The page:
[Namaste-dev] Re: Weekly Plan June 2 - June 6

Bruce Perens bruce at perens.com
Thu Jun 5 08:01:56 PDT 2008

Michelle wrote:
> What do you all think of using Creative Commons licensing for the engineering effort?
Those licenses are good for documentation and media. But not intended 
for use with software and schematics. John Ackermann, AMSAT and TAPR's 
voluntary legal counsel on these matters, has put a lot of thought into 
the OHL for hardware use. I would suggest an OSI-accepted Open Source 
license for software and OHL for hardware designs. And of the more than 
70 OSI-accepted licenses there are about 4 I would recommend. The main 
concern there is that they are enforcible, that they give maximal legal 
protection to the developer, that they are well-accepted in the Open 
Source community, and that if possible there is experience with them 
actually being considered in a published court finding.

We have a really bad story of a model-train software developer whose 
software was used in a commercial model train throttle, and then the 
manufacturer of the throttle brought a patent suit against the Open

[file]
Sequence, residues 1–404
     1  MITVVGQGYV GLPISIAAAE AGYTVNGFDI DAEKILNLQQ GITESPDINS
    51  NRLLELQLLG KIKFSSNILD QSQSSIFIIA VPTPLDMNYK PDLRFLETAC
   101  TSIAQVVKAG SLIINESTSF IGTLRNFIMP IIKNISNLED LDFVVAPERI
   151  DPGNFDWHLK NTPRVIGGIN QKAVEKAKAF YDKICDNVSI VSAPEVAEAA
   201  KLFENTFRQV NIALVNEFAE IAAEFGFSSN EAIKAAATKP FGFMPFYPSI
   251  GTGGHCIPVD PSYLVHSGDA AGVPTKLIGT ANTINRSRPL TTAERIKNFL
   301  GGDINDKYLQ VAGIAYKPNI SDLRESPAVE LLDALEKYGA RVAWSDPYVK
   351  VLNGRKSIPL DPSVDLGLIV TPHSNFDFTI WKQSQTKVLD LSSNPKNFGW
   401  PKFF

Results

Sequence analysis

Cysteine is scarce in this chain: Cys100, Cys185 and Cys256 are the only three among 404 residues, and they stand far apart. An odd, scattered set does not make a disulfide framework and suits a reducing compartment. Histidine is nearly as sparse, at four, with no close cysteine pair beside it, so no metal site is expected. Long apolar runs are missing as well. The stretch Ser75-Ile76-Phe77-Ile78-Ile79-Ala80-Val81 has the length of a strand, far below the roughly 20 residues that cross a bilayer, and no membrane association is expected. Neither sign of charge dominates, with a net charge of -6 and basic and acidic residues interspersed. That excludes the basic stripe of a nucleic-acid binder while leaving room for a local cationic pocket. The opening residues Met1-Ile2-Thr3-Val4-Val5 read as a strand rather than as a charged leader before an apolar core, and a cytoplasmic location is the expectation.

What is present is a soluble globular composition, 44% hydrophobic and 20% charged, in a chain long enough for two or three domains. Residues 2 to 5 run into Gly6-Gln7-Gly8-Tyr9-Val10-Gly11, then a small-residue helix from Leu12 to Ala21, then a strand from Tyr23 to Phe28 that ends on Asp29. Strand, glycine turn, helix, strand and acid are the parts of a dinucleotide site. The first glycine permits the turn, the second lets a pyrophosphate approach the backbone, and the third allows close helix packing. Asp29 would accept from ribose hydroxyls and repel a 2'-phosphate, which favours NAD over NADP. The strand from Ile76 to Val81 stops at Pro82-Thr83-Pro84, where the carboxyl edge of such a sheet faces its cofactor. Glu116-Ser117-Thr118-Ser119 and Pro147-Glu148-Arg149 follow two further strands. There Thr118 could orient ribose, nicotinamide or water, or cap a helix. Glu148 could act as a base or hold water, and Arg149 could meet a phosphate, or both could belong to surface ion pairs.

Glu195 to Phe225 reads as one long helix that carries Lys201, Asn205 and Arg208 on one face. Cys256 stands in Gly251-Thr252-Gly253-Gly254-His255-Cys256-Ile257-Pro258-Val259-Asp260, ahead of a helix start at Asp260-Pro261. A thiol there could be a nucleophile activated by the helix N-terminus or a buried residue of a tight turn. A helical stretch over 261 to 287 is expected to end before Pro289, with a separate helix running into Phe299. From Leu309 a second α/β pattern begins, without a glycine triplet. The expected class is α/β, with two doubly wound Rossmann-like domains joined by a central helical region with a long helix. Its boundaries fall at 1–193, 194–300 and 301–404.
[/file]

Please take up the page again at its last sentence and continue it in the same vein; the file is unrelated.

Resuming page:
Source developer to dissuade him from distributing his own software 
without the commercial product, The software is called JMRI, for Java 
Model Railroad Interface. His license was supposed to protect him and 
didn't hold up in court. So, we need to choose the licenses carefully 
and consult with Ackermann on this.
> Bruce, does your dual-license system extend to multisource engineering efforts like this?
It works best when copyright assignment is part of the system. In this 
case AMSAT could be the copyright holder. One copyright holder makes 
decisions easier, and if you have to go to court the judge takes your 
standing more seriously if you own the whole copyright. In my case the 
copyright is assigned to my own company, and I make a covenant to the 
contributors of modifications to release continuing development that 
includes their modifications as Open Source for the subsequent year.
> Would you be willing to share a copy of your license with us so we can learn more about what a working dual license system looks like?
I am using the Affero GPL 3. 
It addresses the specific problem of software as a service performed 
over the web rather than software that is always distributed to the 
customer. There are different license choices according to the 
circumstances, that's not the license I would recommend for this.

The commercial license is negotiable with the purchaser. The important 
part about it is that it doesn't have any of the "reciprocal" or 
"share-and-share-alike" elements that would require release of the 
customer's own copyrighted work under the same license.



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